Days after the deep introspection of Yom Kippur, our tradition tells us to get out of our homes and dwell in temporary outdoor structures, shake the lulav and etrog, sing Hallel, and engage in the embodied ritual experience of Sukkot. In doing so, we come face to face with the realities of our fragility and vulnerability while acknowledging the profound blessings of safety, security, and the abundance of our literal or symbolic harvests. We invite you to explore these resources to add greater meaning and delight to this season of joy.

Rabbi Sai Held

Rabbi Shai Held: Covenantal Joy

The Torah insistently connects the festival of Sukkot with the obligation to rejoice, and later Jewish tradition calls Sukkot z’man simhateinu (the time of our joy.) Why is Sukkot singled out among all other holidays as the time of happiness and delight? Understanding the joy associated with Sukkot helps us gain crucial insight into the nature and dynamics of God’s covenant with the Jewish people.

Nizakher Venikatev: A Reflective Guide for Sukkot

During this year that has been so challenging for so many of us, what have been your sources of joy? How could you connect more to joy in these early days of the new year? Explore these questions and more in the latest installment of Nizakher Venikatev, a series developed by Marshall T. Meyer Rabbinic Fellows alumnae Abi Weber and Margo Hughes-Robinson.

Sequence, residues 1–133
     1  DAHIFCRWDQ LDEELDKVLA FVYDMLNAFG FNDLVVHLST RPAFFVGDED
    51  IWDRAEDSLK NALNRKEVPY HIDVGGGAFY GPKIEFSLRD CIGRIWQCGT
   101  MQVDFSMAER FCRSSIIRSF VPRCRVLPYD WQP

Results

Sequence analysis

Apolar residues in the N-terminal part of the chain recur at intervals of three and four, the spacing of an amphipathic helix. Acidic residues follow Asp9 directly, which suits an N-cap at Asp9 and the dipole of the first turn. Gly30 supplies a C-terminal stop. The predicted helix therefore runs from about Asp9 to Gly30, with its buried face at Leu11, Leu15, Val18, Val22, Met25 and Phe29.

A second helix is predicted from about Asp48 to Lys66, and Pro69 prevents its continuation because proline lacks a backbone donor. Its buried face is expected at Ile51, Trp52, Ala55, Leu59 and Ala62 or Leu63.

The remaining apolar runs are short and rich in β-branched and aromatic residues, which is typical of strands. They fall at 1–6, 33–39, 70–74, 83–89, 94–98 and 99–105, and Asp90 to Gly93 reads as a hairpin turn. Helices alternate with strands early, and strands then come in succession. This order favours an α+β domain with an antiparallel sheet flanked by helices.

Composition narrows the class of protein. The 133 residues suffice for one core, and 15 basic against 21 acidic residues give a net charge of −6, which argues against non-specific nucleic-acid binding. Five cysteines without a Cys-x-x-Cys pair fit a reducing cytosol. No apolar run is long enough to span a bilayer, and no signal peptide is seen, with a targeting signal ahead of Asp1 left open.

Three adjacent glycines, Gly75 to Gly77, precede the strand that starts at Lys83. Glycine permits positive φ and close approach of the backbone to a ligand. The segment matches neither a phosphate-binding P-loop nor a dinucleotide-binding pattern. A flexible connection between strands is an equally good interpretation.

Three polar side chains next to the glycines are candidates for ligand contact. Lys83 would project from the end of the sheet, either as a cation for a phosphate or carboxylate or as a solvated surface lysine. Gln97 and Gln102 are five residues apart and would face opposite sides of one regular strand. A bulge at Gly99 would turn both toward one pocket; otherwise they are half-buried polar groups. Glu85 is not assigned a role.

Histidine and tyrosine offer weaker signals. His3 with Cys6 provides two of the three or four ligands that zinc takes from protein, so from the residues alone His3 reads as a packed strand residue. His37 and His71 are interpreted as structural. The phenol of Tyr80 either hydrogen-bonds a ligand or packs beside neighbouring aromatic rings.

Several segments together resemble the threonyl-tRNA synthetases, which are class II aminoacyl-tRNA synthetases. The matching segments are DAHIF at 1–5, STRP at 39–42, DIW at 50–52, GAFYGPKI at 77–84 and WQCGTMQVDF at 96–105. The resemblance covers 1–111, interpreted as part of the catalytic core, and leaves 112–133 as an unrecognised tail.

Jordan Bendat Appell

Rabbi Jordan Bendat-Appell: A Practice of Persistence

Rabbi Jordan Bendat-Appell is the director of Camp Ramah in Canada. Previously, he was a teacher of Jewish mindfulness and the program director of the Jewish mindfulness meditation teacher-training program of the Institute for Jewish Spirituality. He was a recipient of the 2014 Covenant Foundation Pomegranate Prize.

David Rosenn

Rabbi David Rosenn: Sukkot and the Completeness of Teshuvah

Rabbi David Rosenn serves as Executive Director of the Hebrew Free Loan Society, whose mission is to provide financial stability and opportunity for lower-income New Yorkers of all backgrounds. For more information about using ancient Jewish methods to drive twenty-first-century microfinance in New York City, visit

Joshua Levine Grater

Rabbi Joshua Levine Grater: Sukkot and the Daily Fragility of Being Homeless

Rabbi Joshua Levine Grater is the Executive Director of Friends in Deed, a local, religious-based non-profit addressing homelessness and poverty in the greater Pasadena area. After 5 years in congregations on the east coast, he served 12 years as senior rabbi of Pasadena Jewish Temple and Center, where he established himself as an activist and interfaith leader, forming and sustaining coalitions for justice, peace and dialogue.